Club Foot

Club Foot is the most common name for a congenital foot deformity characterized by a fixed plantarflexion of the hindfoot and forefoot adduction and rotation towards the midline and posterior.

Clubfeet, or "talipes equinovarus," is a condition usually noted shortly after birth in which the infant's foot points downward and inward. Clubfeet occur in approximately 1 in every 1000 births. It is two times more common in boys and half of all cases involve both feet. The soft tissues of the medical (inside) and posterior (hind) aspects of the foot are all shortened, including the blood vessels, nerves and skin. The calf muscle of the involved leg(s) is usually smaller than the normal leg and the affected foot is usually ½ to 1 shoe size smaller than the normal foot as well.

Club feet are also referred to as talipes equinovarus by orthopaedic surgeons. A typical case is illustrated below:

The club foot abnormality is a result of abnormal muscle fibers in the calf, tightened ligaments and tendons in the foot, and malposition of the joints and bones of the foot and ankle. At birth, the deformity is fairly rigid and cannot be actively and passively place in a normal position. This distinguishes a true clubfoot from a "postural clubfoot" which should improve quickly with simple home stretching. A true clubfoot should be thought of as a "manufacturing problem" (in which some of the structural elements of the foot and lower leg are abnormally formed) rather than a positional problem.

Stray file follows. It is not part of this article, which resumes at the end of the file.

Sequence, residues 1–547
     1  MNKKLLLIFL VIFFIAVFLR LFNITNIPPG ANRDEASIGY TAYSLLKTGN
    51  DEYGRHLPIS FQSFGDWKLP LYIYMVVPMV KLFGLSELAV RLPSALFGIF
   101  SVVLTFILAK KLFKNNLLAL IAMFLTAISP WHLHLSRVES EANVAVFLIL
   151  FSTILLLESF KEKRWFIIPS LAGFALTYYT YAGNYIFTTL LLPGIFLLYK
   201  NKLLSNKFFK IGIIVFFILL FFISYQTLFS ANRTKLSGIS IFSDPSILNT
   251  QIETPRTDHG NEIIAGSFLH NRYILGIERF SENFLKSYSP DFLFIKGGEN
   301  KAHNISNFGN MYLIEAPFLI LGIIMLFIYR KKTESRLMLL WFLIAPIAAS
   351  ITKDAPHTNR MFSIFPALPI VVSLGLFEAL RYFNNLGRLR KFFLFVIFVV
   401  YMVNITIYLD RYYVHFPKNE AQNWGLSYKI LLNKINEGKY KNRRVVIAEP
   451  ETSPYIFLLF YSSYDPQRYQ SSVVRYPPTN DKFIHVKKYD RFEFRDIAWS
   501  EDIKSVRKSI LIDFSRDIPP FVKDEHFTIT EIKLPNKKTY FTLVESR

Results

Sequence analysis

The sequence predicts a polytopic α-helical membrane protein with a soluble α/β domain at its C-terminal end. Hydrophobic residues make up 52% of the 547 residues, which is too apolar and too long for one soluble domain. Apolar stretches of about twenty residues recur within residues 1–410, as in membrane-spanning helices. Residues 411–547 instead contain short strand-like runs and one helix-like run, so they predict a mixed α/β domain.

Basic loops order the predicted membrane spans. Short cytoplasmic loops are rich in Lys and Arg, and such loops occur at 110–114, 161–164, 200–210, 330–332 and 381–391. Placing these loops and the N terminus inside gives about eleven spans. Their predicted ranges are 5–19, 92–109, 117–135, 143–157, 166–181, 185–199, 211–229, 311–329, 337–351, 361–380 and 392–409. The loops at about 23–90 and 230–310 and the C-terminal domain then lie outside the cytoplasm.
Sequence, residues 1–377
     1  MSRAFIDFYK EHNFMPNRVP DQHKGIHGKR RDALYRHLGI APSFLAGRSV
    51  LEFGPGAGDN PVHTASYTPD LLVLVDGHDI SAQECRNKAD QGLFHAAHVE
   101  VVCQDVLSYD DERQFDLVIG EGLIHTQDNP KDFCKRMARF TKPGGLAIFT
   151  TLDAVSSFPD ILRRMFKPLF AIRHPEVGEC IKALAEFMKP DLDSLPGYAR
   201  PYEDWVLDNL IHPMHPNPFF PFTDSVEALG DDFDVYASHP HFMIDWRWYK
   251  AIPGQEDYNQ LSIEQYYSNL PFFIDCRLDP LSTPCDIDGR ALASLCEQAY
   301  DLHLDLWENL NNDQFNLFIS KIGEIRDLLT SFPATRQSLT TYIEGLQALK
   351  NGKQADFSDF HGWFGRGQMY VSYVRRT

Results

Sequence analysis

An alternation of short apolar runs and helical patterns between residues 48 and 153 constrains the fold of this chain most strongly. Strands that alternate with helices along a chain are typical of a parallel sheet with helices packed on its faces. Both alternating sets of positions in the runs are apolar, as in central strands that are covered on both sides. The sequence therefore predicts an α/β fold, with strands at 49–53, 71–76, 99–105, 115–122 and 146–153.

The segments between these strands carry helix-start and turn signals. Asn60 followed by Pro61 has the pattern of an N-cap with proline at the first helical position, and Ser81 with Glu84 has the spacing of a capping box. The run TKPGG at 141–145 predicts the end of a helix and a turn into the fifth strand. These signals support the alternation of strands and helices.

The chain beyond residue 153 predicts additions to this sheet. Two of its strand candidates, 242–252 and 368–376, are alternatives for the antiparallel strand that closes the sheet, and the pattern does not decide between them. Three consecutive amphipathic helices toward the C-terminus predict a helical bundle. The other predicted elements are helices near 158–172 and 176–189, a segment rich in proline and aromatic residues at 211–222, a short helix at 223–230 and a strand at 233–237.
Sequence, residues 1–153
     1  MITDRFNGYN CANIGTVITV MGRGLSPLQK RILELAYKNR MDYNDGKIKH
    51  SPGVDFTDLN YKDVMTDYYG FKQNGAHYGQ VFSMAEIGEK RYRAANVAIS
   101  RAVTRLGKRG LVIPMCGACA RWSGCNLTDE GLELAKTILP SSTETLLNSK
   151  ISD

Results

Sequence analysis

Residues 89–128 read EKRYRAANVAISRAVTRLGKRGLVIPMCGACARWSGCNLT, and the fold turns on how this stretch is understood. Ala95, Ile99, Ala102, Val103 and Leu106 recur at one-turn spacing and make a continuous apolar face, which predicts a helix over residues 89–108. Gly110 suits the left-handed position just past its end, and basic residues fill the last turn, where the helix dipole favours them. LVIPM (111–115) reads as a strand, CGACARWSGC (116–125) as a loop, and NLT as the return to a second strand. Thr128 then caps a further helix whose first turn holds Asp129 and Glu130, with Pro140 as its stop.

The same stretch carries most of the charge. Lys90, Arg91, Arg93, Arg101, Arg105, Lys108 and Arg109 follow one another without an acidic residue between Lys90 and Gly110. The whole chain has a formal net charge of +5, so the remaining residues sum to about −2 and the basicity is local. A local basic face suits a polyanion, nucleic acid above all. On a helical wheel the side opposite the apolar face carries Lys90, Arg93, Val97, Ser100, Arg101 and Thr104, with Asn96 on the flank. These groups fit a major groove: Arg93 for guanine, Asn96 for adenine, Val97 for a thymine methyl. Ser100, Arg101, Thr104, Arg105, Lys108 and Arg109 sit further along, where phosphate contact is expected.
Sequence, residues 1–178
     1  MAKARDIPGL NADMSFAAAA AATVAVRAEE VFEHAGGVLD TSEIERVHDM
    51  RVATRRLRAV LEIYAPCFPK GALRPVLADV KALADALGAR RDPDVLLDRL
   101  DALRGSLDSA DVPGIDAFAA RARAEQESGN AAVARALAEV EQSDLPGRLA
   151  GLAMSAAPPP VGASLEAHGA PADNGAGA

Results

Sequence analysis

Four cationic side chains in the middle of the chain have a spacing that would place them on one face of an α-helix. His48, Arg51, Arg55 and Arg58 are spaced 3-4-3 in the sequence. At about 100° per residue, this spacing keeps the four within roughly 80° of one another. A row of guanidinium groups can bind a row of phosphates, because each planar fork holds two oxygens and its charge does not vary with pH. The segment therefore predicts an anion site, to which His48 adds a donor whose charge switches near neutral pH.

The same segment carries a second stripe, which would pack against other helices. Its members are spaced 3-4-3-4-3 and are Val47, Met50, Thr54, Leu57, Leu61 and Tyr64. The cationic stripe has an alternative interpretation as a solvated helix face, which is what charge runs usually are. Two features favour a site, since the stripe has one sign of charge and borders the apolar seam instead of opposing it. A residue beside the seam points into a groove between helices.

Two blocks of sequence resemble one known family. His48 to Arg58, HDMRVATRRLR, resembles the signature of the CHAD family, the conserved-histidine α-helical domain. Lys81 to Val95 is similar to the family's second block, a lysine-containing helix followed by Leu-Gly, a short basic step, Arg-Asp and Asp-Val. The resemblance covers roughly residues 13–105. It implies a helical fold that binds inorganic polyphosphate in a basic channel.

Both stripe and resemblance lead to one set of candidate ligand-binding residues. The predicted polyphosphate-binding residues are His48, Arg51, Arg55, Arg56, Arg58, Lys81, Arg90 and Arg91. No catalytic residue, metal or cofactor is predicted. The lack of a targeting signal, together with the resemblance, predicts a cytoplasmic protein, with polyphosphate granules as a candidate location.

The exact cause of a clubfoot is not known. Its occurrence is usually sporadic and is not strictly inherited. The likelihood of having another child with a clubfoot is very small if there are not other members of the family that have had true clubfeet. The diagnosis can usually be accurately made by 24 to 28 weeks gestation by ultrasound. It is important for the parents to know that the presence of a clubfoot is not from anything that they did.